If the Eurasian Economic Union and other Eurasian structures ever experience birth of models of transparent governance, that would be Armenia’s “fault”. On September 28, Prime Minister of the Republic of Armenia Nikol Pashinyan talked about the “passionate” debates taking place at the EAEU and CIS closed-door sessions on his regular Facebook live. According to Pashinyan, incredibly hot debates take place during those closed-door sessions.
Harm or benefit to the EAEU
Does Pashinyan’s statement harm the EAEU and CIS reputation? At first glance, Pashinyan “dared” to make an open statement about unions of closed and authoritarian governments. Moreover, his statement shows that the seeming unity of the EAEU and CIS countries, in fact, arouses doubt… if it exists at all. However, on the other hand, this statement challenges the generally accepted view of those countries merely being Russia’s satellite states. This statement not only raises the ratings of Armenia and other member states, but also Russia is viewed as a country capable of holding discussions in spite of its global reputation as a country dictating its will to other states. This shows to the world that not everything is so unambiguous, that discussions take place within the Eurasian structures and, as a result, decisions are made. Internal discussions and debates are a sign of healthy governance for any international structure.
Transparent Eurasian structures
On the other hand, Pashinyan’s statement can be considered as a suggestion to make the EAEU and other structures more transparent. This is perhaps an attempt to introduce the political practices that emerged in the April of 2018 in the management system of these organizations. Finally, the experience of a number of post-Soviet countries shows that no autocratic government can remain forever isolated from its citizens. The absence of communication between the government and citizens will one day turn into a nationwide dissatisfaction. The EAEU transparency may give this union a chance to become more popular among the citizens of its member states. Transparency can also raise public awareness of the processes in the EAEU. Taking into account the fact that in the near future Armenia does not have the prospect of leaving the EAEU, public awareness on the processes going on there may contribute to the membership of Armenia and other member states becoming more tolerable for the citizens, and the adopted decisions more acceptable.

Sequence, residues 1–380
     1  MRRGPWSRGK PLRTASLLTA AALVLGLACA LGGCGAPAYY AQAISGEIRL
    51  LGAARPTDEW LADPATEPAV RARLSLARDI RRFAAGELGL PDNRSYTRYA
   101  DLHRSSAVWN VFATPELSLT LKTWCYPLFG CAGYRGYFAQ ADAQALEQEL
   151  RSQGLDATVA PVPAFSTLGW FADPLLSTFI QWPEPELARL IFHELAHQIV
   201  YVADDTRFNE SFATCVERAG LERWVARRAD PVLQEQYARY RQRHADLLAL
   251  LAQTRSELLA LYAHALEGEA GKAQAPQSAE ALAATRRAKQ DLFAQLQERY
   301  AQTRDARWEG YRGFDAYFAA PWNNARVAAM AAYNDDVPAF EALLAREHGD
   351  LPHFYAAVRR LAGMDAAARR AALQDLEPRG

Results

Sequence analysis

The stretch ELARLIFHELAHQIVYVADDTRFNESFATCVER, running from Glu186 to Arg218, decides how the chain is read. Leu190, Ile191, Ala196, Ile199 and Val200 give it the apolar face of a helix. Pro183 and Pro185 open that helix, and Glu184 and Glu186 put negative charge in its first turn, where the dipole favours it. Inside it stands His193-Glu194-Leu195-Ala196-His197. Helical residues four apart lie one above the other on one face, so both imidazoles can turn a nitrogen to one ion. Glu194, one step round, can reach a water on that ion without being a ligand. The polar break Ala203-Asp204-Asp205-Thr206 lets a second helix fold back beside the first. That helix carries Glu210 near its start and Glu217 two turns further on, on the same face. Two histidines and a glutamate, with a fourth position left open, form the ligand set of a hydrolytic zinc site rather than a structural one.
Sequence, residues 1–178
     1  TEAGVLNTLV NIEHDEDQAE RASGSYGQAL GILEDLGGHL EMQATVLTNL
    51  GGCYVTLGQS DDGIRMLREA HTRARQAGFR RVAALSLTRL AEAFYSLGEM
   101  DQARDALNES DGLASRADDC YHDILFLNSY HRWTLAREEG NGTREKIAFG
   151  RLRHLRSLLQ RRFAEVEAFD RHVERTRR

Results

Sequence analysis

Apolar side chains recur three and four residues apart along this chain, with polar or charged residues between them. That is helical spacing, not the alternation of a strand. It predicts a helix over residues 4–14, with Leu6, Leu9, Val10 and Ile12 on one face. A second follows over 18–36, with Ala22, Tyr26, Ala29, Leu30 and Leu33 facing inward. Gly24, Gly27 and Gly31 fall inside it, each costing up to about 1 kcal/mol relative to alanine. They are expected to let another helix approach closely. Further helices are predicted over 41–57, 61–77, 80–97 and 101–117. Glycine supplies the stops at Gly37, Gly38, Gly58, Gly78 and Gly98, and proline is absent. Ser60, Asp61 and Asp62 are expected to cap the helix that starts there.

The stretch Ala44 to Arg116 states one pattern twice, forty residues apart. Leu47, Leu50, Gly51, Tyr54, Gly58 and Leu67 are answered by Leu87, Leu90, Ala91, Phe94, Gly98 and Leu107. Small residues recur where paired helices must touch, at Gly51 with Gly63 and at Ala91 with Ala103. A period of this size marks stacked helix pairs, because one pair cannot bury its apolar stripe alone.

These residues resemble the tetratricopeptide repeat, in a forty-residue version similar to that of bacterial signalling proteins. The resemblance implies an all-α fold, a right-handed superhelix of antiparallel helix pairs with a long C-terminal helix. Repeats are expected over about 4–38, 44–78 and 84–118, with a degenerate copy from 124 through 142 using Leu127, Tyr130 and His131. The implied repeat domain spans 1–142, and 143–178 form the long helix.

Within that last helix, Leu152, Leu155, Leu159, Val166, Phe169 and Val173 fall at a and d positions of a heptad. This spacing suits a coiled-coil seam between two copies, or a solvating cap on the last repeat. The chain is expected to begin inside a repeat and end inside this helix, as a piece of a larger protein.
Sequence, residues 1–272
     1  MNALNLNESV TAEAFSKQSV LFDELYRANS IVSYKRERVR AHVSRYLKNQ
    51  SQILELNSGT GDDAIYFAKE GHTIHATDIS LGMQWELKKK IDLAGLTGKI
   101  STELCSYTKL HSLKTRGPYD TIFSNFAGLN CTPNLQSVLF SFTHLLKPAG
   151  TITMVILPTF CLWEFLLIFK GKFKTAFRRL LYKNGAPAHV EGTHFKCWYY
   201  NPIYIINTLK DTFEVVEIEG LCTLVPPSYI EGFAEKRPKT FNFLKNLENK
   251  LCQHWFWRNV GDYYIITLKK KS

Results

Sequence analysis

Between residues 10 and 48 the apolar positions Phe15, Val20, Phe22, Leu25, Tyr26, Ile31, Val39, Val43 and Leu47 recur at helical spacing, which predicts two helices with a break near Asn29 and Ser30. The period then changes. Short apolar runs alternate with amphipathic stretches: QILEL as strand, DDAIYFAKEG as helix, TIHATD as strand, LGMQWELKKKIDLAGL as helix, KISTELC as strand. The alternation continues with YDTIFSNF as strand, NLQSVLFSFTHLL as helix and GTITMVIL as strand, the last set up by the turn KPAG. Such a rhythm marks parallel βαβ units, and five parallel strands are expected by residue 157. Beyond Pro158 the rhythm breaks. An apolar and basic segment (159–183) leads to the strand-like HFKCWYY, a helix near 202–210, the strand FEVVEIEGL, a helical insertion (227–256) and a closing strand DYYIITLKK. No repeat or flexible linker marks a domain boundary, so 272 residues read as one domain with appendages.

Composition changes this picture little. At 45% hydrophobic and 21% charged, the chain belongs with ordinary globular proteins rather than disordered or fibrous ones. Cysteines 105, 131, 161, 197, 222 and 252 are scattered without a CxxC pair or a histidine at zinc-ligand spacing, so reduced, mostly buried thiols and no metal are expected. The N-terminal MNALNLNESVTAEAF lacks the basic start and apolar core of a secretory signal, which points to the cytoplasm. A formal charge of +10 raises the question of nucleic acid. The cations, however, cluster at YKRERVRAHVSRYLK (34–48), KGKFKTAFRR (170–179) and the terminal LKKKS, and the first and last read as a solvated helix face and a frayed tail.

This statement is unprecedented for two different reasons. First of all, this statement is unprecedented for the EAEU and the CIS. As a union, which is almost exclusively composed of non-democratic states, it has a member state today which offers acting based on democratic principles. The second reason is that Armenia is presenting itself as a state which has enough sovereignty to offer a change in the internal procedures of the organizations.
Nonetheless, it is unlikely that the other leaders of member states of the Eurasian structures would wish to introduce such a degree of transparency into the domestic life of their countries. However, this does not undermine the importance of Pashinyan’s statement because it is a clear attempt to introduce a new political culture within the EAEU and other structures.
Union of Informed Citizens